Check out the 30-slide pitch deck Cowboy, an e-bike startup, used to raise $80 million in a round backed by Tiger Global
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- Belgian e-bike startup Cowboy has raised $80 million in Series C funding.
- The company offers high-end e-bikes in Europe and wants to expand in the US.
- Existing investors, including Tiger Global and Index Ventures, backed the latest round.
High-end e-bike startup Cowboy has raised $80 million in fresh funds as it looks to take advantage of the booming urban mobility market.
The Belgian company, which was founded in 2017, raised the fresh funds in a Series C round backed by existing top-tier investors, including the US hedge-fund giant Tiger Global and the Revolut backer Index Ventures.
In Europe, direct-to-consumer e-bike sales are set to reach 17 million units sold annually by 2030, up from 3.7 million in 2019. Meanwhile in the US, Cowboy’s most recent target market, e-bike sales surged by 240% in a year that pushed spending on cycling equipment to $8.5 billion, research from NPD found. In addition, e-bike subscription schemes have also been growing in popularity.
“Demand has been close to the targets we planned, and it’s been doubling year on year. We deeply believe that it’s not a fad, and this is a long-lasting trend that will continue for many years to come,” said Adrien Roose, Cowboy’s CEO.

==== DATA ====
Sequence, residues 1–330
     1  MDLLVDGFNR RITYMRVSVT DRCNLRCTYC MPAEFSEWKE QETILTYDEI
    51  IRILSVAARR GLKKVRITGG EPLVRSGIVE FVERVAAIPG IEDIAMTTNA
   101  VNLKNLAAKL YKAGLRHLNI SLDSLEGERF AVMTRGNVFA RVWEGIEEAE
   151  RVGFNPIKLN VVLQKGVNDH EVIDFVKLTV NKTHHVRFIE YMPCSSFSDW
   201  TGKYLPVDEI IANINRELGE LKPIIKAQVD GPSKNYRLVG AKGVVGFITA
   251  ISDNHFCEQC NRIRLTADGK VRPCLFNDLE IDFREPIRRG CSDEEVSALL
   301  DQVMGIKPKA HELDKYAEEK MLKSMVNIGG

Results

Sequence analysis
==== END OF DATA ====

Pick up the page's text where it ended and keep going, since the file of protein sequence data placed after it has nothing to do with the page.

“We decided to structure a new round to continue our momentum and accelerate US expansion, so we went earlier than planned,” he added.
The new funds come in from Exor, HCVC, and Siam Capital, alongside funding from existing investors, including Tiger Global, Index Ventures, Eothen, Isomer Opportunities Fund, Future Positive Capital, and Triple Point Capital.
In September, Cowboy launched in the US earlier than expected. But like many manufacturers, the company has had a number of challenges relating to global supply-chain constraints, with issues stemming from both the availability of components and drastically increased shipping costs.
“The situation is insane and exceptional, and we’re not expecting it to change this year,” Roose added.
“It’s a daily battle on components, so we need to build strong relationships with our suppliers, which is what makes them want to work with us, and that’s obviously been harder without being able to travel,” he said.
To that end, Cowboy plans to use the new funding to continue both its geographic expansion and product-development plans. The company is also set to open retail stores in Paris and Berlin.
The cost of e-bikes — the Cowboy 4 costs about $3,000 — is naturally top of mind, and the company has employed its own repair service alongside a secondhand offering, which Roose said was “constantly sold out.”
“Price sensitivity is clear,” Roose said. “Five years ago people wouldn’t want to pay for an e-bike, but now people see it as a real vehicle. As a young company, we couldn’t succeed without scale, so we believe that while we won’t be the cheapest, we want to be the best.”
Cowboy may well look to offer some form of financing product in the future to help users spread out costs, Roose added.
Check out Cowboy’s pitch deck below.